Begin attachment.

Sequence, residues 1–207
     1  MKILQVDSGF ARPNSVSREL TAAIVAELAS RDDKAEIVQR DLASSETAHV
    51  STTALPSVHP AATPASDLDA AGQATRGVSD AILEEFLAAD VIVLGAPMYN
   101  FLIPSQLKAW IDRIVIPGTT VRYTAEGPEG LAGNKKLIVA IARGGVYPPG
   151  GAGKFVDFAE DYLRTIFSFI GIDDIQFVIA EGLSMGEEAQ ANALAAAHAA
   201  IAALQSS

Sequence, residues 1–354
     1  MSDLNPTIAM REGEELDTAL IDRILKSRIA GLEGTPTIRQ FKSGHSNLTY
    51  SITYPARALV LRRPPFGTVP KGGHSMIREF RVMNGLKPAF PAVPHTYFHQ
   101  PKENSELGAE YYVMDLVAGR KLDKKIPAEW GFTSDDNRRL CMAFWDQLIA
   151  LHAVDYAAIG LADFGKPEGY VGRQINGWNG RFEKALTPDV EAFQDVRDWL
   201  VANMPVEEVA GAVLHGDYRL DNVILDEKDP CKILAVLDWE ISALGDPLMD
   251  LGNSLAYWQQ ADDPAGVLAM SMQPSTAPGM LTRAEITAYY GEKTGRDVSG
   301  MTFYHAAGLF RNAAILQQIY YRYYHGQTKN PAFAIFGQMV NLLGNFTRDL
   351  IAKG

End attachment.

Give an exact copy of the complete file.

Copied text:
Sequence, residues 1–207
     1  MKILQVDSGF ARPNSVSREL TAAIVAELAS RDDKAEIVQR DLASSETAHV
    51  STTALPSVHP AATPASDLDA AGQATRGVSD AILEEFLAAD VIVLGAPMYN
   101  FLIPSQLKAW IDRIVIPGTT VRYTAEGPEG LAGNKKLIVA IARGGVYPPG
   151  GAGKFVDFAE DYLRTIFSFI GIDDIQFVIA EGLSMGEEAQ ANALAAAHAA
   201  IAALQSS

Sequence, residues 1–354
     1  MSDLNPTIAM REGEELDTAL IDRILKSRIA GLEGTPTIRQ FKSGHSNLTY
    51  SITYPARALV LRRPPFGTVP KGGHSMIREF RVMNGLKPAF PAVPHTYFHQ
   101  PKENSELGAE YYVMDLVAGR KLDKKIPAEW GFTSDDNRRL CMAFWDQLIA
   151  LHAVDYAAIG LADFGKPEGY VGRQINGWNG RFEKALTPDV EAFQDVRDWL
   201  VANMPVEEVA GAVLHGDYRL DNVILDEKDP CKILAVLDWE ISALGDPLMD
   251  LGNSLAYWQQ ADDPAGVLAM SMQPSTAPGM LTRAEITAYY GEKTGRDVSG
   301  MTFYHAAGLF RNAAILQQIY YRYYHGQTKN PAFAIFGQMV NLLGNFTRDL
   351  IAKG